first broke back in 2018, months before the scandal was really acknowledged, the former president, he was asked about this. And his first comments came in response to a reporter. They were on board Air Force One in April. They were asked about the payments made to Stormy Daniel. This was a month before the 2016 election that these payments were made and this is what he said aboard the plane. Let's take a listen.


UNIDENTIFIED REPORTER: Mr. President, did you know about the $130,000 payment to Stormy Daniels?

TRUMP: No, no. What else?

UNIDENTIFIED REPORTER: Then why did Michael Cohen make this if there was no truth to her allegations?


TRUMP: Well, you'll have to ask Michael Cohen. Michael is my attorney. And you'll have to ask Michael Cohen.

UNIDENTIFIED REPORTER: Do you know where he got the money to make that payment?

TRUMP: No, I don't know.


REID: All right. Clearly not a crime to lie or give false statements to reporters, but how might those comments potentially impact any possible prosecution?

HONIG: So, Paula, you can bet prosecutors are going to use that video. It will be admissible evidence because the argument will be he's lying here. Why is he lying, you would argue as a prosecutor? He's lying because he knows he has done wrong and he's trying to cover up. But I think the response from the Trump team, and people can decide what's more persuasive, is the reason he was lying there is the same reason he made the hush money payments in the first place, to try to avoid personal humiliation to himself and his family.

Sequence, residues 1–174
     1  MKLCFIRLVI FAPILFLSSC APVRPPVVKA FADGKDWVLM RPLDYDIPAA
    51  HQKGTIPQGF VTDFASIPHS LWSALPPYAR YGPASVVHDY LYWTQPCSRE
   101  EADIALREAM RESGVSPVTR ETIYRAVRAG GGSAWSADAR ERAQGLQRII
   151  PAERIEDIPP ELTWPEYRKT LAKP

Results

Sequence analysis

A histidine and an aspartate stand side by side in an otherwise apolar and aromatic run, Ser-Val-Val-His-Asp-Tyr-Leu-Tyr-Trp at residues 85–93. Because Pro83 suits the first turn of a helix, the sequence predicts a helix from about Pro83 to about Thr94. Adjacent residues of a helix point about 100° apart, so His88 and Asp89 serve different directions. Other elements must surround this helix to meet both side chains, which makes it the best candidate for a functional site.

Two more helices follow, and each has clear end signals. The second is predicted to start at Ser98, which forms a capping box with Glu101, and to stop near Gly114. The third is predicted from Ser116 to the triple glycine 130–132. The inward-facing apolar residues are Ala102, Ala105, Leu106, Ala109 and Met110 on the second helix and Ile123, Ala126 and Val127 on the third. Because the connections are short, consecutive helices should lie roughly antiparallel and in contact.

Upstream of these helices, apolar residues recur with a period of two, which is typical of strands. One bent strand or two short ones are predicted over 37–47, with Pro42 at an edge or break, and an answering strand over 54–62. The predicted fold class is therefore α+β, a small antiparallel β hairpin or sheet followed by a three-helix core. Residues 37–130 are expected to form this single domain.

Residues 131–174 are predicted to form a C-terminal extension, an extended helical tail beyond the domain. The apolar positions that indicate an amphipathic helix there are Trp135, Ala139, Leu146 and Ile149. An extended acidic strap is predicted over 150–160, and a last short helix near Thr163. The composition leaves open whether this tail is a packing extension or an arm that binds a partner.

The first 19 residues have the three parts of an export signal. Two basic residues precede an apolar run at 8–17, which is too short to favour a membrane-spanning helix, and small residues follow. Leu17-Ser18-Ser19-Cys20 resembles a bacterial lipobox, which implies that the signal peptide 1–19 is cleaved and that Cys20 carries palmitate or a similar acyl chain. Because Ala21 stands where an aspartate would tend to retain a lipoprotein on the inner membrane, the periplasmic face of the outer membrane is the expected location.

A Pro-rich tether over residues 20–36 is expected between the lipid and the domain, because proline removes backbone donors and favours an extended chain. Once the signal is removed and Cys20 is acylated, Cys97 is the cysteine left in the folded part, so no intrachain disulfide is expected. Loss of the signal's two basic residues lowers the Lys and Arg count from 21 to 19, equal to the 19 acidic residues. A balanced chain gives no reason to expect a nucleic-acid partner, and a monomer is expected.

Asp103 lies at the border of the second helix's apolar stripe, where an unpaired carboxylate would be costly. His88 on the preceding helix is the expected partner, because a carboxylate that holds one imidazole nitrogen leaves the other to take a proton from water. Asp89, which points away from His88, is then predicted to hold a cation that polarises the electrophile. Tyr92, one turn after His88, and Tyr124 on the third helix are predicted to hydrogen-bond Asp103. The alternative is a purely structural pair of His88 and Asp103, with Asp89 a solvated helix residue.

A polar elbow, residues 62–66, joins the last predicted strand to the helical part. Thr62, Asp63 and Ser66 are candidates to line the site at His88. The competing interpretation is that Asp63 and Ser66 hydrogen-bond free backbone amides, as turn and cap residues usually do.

And if that's the reason, why made a hush money payment to Stormy Daniels, that's not going to be a campaign finance crime because then it would not count as a campaign donation. So that's the back and forth that you should expect to see in court if and when this ever gets there.

REID: Elie Honig, thank you so much.

HONIG: Thanks, Paula. Talk to you soon.

REID: And more to come tonight in the CNN NEWSROOM including limited travel options for Russian President Vladimir Putin if he wants to leave the country. We'll talk about the arrest warrant he now faces.